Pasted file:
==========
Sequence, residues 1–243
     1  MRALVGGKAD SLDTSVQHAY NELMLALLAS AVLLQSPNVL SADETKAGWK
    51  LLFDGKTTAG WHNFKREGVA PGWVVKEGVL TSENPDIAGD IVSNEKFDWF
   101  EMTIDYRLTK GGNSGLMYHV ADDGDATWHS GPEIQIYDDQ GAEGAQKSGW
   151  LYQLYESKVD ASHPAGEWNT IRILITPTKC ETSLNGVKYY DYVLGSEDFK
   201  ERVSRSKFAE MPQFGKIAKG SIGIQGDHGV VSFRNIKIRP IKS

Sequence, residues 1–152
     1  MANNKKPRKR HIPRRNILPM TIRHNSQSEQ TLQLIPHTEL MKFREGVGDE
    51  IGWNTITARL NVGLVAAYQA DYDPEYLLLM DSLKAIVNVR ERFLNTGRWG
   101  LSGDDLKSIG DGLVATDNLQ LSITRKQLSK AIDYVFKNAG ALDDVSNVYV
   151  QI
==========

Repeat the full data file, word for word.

Sequence, residues 1–243
     1  MRALVGGKAD SLDTSVQHAY NELMLALLAS AVLLQSPNVL SADETKAGWK
    51  LLFDGKTTAG WHNFKREGVA PGWVVKEGVL TSENPDIAGD IVSNEKFDWF
   101  EMTIDYRLTK GGNSGLMYHV ADDGDATWHS GPEIQIYDDQ GAEGAQKSGW
   151  LYQLYESKVD ASHPAGEWNT IRILITPTKC ETSLNGVKYY DYVLGSEDFK
   201  ERVSRSKFAE MPQFGKIAKG SIGIQGDHGV VSFRNIKIRP IKS

Sequence, residues 1–152
     1  MANNKKPRKR HIPRRNILPM TIRHNSQSEQ TLQLIPHTEL MKFREGVGDE
    51  IGWNTITARL NVGLVAAYQA DYDPEYLLLM DSLKAIVNVR ERFLNTGRWG
   101  LSGDDLKSIG DGLVATDNLQ LSITRKQLSK AIDYVFKNAG ALDDVSNVYV
   151  QI